: .CR2 file is not supported by current versions of Lightroom and ACR.
    : I just checked the list of supported cameras for ACR and the D300 is
    : not listed. ACR is updated quarterly, and the next version should be
    : released any day now. If the D300 isn't supported on this release,
    : folks will have to wait until January ... or find an alternative.
    : TIFF would be a good short-term alternative.
    : Now if Nikon and Canon would offer DNG support, either instead of or
    : in addition to the proprietary RAW formats....

    This week I discovered to my annoyance that Digital Photo Professional, which
    I use with my XTi, doesn't handle .CRW, the old Canon RAW mode. To get images
    taken with my G-5 and my wife's S50 into DPP, I had to edit them with
    Zoombrowser and save them as TIFF files. Is there a free (or at least cheap)
    converter from .CRW to .CR2?

    I'm using version of DPP, which I believe is the latest and greatest.

    Robert Coe, Sep 16, 2007
  12. RichA

    Robert Coe Guest

    : : > TRoss wrote:
    : >
    : >> TIFF would be a good short-term alternative.
    : >
    : > Agreed.
    : >
    : >> Now if Nikon and Canon would offer DNG support, either instead of or
    : >> in addition to the proprietary RAW formats....
    : >
    : > Thankfully Nikon is smart enough to not offer DNG support since its just
    : > another dead-ended street taking valuable bits in the firmware coding. At
    : > least TIFF, like you say, offers a short-term alternative that is 100%
    : > compatible with all photo editing programs and viewers. I know we covered
    : > this in the past and have determined DNG is a dieing wannabe format that
    : > won't be around in 5-years. Simply put, no professional photographer
    : > would ever use it.
    : There you again with your completely lameass opinion.

    Rita's opinion may be lameass, but that doesn't make it wrong. I don't think I
    ever even heard of DNG. Do any important cameras actually use it?

    Robert Coe, Sep 16, 2007
  13. RichA

    TRoss Guest

    DPP does not list the G5 or the S50 as a supported camera - the only
    PowerShot listed is the Pro1, and the support is limited. It does
    support the .CRW file format

    I'm not aware of one.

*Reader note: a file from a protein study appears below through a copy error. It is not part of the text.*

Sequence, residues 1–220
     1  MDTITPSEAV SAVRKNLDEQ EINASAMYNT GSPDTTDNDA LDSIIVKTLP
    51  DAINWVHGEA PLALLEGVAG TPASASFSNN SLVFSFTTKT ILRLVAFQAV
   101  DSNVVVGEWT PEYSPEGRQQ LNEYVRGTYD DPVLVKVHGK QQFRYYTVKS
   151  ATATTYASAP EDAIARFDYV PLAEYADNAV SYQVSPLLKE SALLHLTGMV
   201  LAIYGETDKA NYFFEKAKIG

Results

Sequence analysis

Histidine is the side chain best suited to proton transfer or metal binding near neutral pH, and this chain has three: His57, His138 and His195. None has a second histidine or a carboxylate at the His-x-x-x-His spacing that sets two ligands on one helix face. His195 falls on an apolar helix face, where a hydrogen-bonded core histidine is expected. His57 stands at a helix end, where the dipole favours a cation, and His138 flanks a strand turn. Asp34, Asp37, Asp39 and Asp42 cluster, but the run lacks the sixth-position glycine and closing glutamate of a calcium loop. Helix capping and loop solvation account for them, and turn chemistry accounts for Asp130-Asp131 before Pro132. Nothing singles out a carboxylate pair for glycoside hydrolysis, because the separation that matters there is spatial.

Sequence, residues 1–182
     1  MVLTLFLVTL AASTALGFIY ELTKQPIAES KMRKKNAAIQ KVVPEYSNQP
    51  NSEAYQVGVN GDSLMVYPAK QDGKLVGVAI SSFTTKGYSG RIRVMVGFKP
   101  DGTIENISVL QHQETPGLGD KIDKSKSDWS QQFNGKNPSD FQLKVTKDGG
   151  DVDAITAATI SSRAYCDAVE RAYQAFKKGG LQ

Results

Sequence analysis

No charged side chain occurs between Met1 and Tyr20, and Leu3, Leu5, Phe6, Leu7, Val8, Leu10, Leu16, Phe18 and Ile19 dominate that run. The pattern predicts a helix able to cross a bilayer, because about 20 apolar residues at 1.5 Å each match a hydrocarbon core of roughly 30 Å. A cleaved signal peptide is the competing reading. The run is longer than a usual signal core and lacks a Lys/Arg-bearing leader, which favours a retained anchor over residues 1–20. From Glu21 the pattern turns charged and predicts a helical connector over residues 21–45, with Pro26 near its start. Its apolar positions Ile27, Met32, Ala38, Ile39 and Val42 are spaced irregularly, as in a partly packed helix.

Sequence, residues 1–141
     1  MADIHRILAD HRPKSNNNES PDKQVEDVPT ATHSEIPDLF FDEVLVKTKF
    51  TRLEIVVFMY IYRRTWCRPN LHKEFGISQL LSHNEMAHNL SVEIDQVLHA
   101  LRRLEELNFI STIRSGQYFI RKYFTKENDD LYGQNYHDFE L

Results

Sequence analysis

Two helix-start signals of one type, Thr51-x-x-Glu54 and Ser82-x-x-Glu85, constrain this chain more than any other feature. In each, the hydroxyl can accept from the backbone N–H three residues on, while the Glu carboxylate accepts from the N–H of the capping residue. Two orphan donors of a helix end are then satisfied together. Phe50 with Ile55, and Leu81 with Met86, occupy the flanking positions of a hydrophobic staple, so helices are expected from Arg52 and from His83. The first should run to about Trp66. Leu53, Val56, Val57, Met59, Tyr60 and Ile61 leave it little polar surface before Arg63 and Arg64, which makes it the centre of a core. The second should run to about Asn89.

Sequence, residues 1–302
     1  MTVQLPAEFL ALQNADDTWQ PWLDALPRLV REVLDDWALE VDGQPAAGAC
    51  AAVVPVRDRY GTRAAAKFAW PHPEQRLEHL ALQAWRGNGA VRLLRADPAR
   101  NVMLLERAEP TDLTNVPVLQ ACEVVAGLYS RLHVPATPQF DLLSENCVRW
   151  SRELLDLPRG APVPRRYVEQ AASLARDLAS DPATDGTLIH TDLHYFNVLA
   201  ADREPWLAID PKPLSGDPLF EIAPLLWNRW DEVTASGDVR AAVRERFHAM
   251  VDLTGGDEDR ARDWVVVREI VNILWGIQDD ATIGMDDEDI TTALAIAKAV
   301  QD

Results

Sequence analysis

You didn't mention what you use to process your pictures. If you use
    Photoshop or Photoshop Elements, you might consider converting your
    RAW images to DNG. The converter is free, and the latest version will
    work with XTi RAW files.

    I'm not aware of a utility that will convert .CRW to .CR2.

    Unless you're married to using DPP to process your images, you might
    consider converting your RAW images to the DNG format. To the best of
    my knoweledge, DPP cannot work with DNG files.

    The utility is free, and it supports all three cameras you mentioned.


    TRoss, Sep 16, 2007
  14. RichA

    TRoss Guest

    But it is wrong. It isn't a dieing format, it will be around and
    supported in 5-years, and professional photographers do use it.
    DNG (Digital Negative) is RAW format proposed by Adobe - it was to
    provide an open format that all camera manufacturers could use, and
    would help to eliminate the problem accessing the ever-growing list of
    proprietary RAW formats.

    Adobe provides a utility to convert proprietary RAW images to the DNG
    format. It is a free download


    The following cameras can capture DNG-format RAW files.
    Hasselblad H2D
    Leica Digital-Modul-R and M8
    Pentax K10D
    Ricoh GR Digital
    Samsung Pro 815

    TRoss, Sep 16, 2007
  15. RichA

    Charlie Self Guest

    I may start using DNG (Pentax K10D) when Adobe's free downloads work
    with something other than Adobe's non-free overpriced programs.
    Charlie Self, Sep 18, 2007
  16. RichA

    TRoss Guest

    I don't consider Photoshop to be overpriced. Expensive, yes. But it is
    a lot of program for the money. Photoshop Elements is almost as
    capable, and it is very reasonably priced.

    If you're looking for an alternative to Adobe products....

    GIMP, IrfanView, MediaChance PhotoBrush, PhotoLine 32, Picasa,
    StudioLine PhotoClassic, Ulead PhotoImpact and XnView all import DNG

    I think PSP Photo X2 also imports DNG files, but I'm not sure.

    TRoss, Sep 18, 2007